Officials have confirmed that a Pinner school helped to set the world record for the biggest science lesson ever to take place.

Fifty Year 6, 7 and 8 students at Heathfield School for Girls, in Beaulieu Drive, took part in the record attempt on November 13, 2012.

They joined 2,000 other girls from 25 schools across the country in an attempt to set the record for the biggest ever physics lesson.

The Heathfield School students were shown an experiment demonstrating the effect of gravity on acceleration.

At the same time, the same lesson took place at each of the other 24 schools.

Anushka Patel, 10, said: “This experiment was such a lot of fun. I could not sleep with excitement at taking part in a world record-breaking attempt.”

Holly Brewster, also age 10, added: “I always read the Guinness Book of Records and I can’t believe that my school will be in the book too!”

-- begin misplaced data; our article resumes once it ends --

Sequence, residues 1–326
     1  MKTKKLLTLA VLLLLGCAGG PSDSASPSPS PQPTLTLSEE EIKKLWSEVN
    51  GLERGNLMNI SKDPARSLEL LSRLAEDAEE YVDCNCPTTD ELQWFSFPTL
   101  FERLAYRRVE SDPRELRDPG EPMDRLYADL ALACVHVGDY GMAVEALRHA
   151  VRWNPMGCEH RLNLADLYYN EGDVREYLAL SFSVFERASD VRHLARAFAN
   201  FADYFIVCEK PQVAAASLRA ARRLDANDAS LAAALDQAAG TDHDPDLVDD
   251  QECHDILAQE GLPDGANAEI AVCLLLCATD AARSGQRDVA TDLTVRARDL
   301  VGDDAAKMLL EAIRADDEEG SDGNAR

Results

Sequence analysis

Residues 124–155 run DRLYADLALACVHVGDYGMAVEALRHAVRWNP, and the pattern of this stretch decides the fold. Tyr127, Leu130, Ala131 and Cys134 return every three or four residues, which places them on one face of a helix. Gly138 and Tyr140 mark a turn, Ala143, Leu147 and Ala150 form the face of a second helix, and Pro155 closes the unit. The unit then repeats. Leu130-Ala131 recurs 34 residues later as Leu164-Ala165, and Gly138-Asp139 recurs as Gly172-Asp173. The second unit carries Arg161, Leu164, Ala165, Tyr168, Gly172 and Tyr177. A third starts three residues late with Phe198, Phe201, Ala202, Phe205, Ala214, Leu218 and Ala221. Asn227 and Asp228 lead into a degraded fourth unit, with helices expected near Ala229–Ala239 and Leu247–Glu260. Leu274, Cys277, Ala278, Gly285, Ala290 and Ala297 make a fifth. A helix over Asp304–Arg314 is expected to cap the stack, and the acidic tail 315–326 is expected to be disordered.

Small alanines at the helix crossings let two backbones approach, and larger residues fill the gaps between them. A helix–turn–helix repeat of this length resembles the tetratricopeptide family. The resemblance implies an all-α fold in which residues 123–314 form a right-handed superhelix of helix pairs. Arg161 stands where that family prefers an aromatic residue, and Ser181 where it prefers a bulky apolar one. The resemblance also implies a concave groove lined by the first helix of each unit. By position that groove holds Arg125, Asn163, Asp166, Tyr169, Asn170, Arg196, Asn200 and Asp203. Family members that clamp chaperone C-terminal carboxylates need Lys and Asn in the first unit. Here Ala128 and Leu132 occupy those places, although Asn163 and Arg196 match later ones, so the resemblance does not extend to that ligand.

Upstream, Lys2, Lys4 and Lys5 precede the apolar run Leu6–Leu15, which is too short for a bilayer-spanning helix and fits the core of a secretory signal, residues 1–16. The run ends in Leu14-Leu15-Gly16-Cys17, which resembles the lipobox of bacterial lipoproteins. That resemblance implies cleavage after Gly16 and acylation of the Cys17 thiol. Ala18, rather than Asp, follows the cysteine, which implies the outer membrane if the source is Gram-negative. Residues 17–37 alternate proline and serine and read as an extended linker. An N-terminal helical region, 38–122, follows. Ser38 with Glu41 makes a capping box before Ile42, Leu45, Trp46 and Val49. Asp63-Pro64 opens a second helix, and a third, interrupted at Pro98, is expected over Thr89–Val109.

Each school was required to film their lesson and to submit the video to Guinness World Records.

This allowed the adjudicators to establish whether a legitimate record had been set.

This was the first time that anyone has tried to set a record for the biggest multiple venue science lesson so the schools were hoping to have set a tough benchmark.

Anne Stevens, headmistress of Heathfield School, said: “The most disturbing statistic from the Institute of Physics’ recent report was that nearly half of all co-ed maintained schools in England do not send even one girl on to do physics at A-level.

“In the girls-only environment of Heathfield, science subjects in general, and physics in particular, are hugely popular and successful.

“At Heathfield School for Girls around 53 per cent of our girls study A-level physics or chemistry, and they do very well at it.

“The enthusiasm for this experiment, right across our school, shows the degree to which we’re bucking some of the less encouraging educational trends.”